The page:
The fuel subsidy protests grew rapidly into an occupy Nigeria movement until it was stopped abruptly by the capitulation of labour on 12th January 2012. The “capitulation”, it was rumoured, was oiled by huge bribes given to labour leaders. That was the last time the Nigerian labour movement was involved in any progressive engagement until the end of the Jonathan Administration. The Abdulwaheed Omar NLC then focused its energies on anything but struggle.
Historically, the pact between labour and progressives to fight the Nigerian cause first emerged with the Cost-of-Living-Allowance General Strike of 1945. The labour movement with support from progressive nationalists sustained a general strike by 30,000 workers for 37 days. The railways, posts and telecommunications and general colonial administration were completely paralysed. The following year, the trio of Herbert Macaulay, Michael Imoudu – Labour Leader no. 1 and Dr Nnamdi Azikiwe formed a common front to mobilise Nigerians to demand for self-government visiting 45 towns all over the country.
While in Kano, the veteran Herbert Macaulay died at the ripe age of 82. In his funeral in Lagos, Azikiwe reminded the nation “Macaulay has left us an imperishable legacy, the struggle for the attainment of social equality, economic security, religious tolerance and political freedom… Let us perpetuate his ideas of freedom, they can be realised in our life time”. This was the tradition maintained by labour leadership through the times of Wahab Goodluck, Dapo Fatogun, Hassan Soumonu, Liman Chiroma, Pascal Bafyau and Adams Oshiomhole. Over the decades, labour, students, ASUU and progressive intellectuals have repeatedly come together at moments of national anguish and political repression to lead protests that have revived belief in a better future for the country. This is the tradition that was halted by the Omar leadership of the NLC which broke the pact with the progressives and maintained a “sidon look” attitude as economic crisis, poverty, insecurity and malgovernance continued to grow.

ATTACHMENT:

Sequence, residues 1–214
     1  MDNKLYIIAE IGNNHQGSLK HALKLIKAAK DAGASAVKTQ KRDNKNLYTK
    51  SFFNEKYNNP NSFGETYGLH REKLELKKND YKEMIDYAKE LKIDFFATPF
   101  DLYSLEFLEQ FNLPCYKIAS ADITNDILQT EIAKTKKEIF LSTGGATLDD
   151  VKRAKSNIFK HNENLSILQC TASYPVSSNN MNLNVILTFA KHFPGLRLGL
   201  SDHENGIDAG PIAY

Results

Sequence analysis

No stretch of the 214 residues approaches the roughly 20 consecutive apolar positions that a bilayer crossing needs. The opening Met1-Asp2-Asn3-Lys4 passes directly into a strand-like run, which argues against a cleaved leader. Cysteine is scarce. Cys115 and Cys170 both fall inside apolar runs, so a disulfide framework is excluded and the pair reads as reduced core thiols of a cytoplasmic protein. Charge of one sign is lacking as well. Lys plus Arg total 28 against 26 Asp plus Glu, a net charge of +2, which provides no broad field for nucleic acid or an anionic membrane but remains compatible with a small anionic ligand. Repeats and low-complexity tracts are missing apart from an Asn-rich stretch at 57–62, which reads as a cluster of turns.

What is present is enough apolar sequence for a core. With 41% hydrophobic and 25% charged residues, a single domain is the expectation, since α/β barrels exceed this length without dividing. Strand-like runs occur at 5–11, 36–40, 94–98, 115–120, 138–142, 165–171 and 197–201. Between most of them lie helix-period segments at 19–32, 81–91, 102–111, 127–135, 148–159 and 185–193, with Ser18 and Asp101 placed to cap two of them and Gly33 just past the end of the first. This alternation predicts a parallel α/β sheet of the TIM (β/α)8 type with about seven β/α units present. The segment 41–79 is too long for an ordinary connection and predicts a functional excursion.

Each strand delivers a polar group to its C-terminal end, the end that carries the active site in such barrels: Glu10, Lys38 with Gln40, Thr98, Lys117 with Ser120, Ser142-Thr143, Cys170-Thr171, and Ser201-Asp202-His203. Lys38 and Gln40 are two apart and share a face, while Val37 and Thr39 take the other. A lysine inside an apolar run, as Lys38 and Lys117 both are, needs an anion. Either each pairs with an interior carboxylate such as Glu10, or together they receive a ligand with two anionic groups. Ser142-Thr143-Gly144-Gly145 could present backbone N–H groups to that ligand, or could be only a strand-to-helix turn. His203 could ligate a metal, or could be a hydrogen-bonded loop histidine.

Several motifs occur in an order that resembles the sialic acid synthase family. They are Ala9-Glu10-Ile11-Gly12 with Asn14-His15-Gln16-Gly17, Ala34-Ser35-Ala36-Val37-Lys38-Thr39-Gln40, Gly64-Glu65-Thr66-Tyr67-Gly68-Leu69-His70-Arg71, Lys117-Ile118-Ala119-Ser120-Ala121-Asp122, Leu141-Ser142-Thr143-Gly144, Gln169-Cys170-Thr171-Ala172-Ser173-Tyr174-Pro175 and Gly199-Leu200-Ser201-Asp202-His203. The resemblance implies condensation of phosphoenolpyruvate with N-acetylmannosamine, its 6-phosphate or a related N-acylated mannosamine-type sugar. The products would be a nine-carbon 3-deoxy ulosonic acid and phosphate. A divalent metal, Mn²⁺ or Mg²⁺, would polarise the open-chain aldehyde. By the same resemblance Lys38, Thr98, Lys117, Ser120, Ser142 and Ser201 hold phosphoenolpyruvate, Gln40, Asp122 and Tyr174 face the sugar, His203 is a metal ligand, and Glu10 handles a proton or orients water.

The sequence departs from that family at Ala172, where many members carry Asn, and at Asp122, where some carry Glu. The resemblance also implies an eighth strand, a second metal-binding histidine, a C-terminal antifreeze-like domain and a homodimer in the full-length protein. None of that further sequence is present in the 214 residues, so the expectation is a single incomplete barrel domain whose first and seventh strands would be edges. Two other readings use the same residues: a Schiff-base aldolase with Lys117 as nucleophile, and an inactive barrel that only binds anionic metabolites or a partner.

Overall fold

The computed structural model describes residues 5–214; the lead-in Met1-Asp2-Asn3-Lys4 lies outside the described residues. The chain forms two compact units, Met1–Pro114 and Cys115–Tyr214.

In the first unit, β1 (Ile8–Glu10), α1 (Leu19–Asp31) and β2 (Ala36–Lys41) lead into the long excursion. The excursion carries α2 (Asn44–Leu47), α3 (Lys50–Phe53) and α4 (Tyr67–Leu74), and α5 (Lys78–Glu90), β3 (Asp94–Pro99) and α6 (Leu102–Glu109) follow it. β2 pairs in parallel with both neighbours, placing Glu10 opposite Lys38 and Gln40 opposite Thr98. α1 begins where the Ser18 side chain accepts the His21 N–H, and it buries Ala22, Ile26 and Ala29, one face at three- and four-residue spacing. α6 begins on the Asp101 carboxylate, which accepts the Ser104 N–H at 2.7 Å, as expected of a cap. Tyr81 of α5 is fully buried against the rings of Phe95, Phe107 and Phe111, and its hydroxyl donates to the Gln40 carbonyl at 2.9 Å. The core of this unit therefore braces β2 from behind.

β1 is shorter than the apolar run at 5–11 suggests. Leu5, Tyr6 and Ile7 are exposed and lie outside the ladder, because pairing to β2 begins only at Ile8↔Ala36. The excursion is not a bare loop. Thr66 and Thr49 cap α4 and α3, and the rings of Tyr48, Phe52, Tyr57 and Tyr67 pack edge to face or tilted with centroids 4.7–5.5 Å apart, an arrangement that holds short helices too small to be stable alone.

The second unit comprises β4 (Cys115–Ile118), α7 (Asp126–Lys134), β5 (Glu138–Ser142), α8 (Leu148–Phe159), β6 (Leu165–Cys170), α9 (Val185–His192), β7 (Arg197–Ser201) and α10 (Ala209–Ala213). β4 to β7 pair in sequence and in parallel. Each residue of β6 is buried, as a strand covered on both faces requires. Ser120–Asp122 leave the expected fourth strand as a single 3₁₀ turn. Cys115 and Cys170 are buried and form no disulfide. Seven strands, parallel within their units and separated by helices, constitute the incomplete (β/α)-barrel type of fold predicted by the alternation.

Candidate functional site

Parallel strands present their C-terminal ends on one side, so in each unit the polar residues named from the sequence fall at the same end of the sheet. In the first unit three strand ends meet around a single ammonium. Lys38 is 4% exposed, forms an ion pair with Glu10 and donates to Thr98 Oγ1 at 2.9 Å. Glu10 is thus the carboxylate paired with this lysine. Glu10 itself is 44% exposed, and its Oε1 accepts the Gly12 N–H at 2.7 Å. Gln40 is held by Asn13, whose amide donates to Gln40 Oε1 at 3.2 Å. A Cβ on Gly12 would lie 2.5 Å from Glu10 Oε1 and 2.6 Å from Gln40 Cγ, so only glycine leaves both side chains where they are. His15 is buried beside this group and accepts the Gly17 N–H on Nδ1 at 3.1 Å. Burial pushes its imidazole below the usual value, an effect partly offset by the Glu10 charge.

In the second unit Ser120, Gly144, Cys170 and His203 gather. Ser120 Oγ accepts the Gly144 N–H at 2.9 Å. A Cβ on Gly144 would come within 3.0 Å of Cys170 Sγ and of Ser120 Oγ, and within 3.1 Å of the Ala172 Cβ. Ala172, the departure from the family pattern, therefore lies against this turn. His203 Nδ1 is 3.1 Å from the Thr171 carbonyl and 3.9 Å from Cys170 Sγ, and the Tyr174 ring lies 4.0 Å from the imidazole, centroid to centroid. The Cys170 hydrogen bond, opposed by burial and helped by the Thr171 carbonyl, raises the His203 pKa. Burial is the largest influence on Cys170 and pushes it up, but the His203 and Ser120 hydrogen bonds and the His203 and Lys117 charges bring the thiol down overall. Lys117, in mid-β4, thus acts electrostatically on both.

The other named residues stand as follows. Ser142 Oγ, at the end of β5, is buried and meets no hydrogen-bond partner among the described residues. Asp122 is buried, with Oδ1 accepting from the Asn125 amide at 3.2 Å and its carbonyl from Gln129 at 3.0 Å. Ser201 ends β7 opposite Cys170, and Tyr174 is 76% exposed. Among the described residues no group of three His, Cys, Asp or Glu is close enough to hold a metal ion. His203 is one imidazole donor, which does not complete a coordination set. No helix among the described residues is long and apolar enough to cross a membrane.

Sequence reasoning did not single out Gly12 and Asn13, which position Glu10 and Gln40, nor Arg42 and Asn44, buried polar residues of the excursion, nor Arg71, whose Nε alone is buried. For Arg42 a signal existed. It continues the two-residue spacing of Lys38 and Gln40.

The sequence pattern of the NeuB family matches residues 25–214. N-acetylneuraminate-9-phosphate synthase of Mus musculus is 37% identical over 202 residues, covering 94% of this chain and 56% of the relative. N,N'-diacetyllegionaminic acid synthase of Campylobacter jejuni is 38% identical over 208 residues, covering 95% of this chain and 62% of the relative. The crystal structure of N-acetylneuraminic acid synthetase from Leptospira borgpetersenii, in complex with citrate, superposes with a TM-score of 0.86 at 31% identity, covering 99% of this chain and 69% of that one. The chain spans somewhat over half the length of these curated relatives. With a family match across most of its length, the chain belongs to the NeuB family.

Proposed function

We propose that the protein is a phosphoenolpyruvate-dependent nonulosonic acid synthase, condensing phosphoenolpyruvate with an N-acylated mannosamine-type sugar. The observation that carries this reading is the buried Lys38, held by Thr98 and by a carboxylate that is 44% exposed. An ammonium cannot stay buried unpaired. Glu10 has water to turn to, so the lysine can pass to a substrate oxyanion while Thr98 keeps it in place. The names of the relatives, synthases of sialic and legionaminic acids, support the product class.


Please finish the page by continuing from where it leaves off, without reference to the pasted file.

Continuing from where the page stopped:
Today there is a new leadership in the Nigerian Labour Congress under Comrade Ayuba Waba, which is trying to bring focus back to the struggle for workers’ rights and welfare. Of course conditions are difficult following the collapse of petroleum prices and the contraction of the economy. The reality however is that the present conditions could be an opportunity to start rebuilding the economy so that we can produce more jobs and better welfare. That is the mandate on which President Buhari won his election. That is also the mandate on which Comrade Waba won his election. This context therefore creates conditions for collaboration and cooperation in improving the rights of Nigerian workers.
I was pleased to hear both the Presidents of the NLC and the TUC make strong demands on Government to search for and rescue the Chibok Girls. The Omar leadership of the NLC was so close to the Jonathan Administration that they refused to join the rest of Nigerians, indeed the world in supporting the #BringBackOurGirls Movement which has maintained a steady patriotic and humanist campaign to end terrorism and obtain liberation for the Chibok girls that were abducted by Boko Haram. The new leadership of the Labour Movement is trying to return to the tradition of engaging in making accountability demands on Government and I wish them the best in their May Day resolutions. Forward Ever, Backward Never remains the motivation.
Jibrin Ibrahim, PhD, is a Senior Fellow at the Centre for Democracy and Development, Abuja, Nigeria.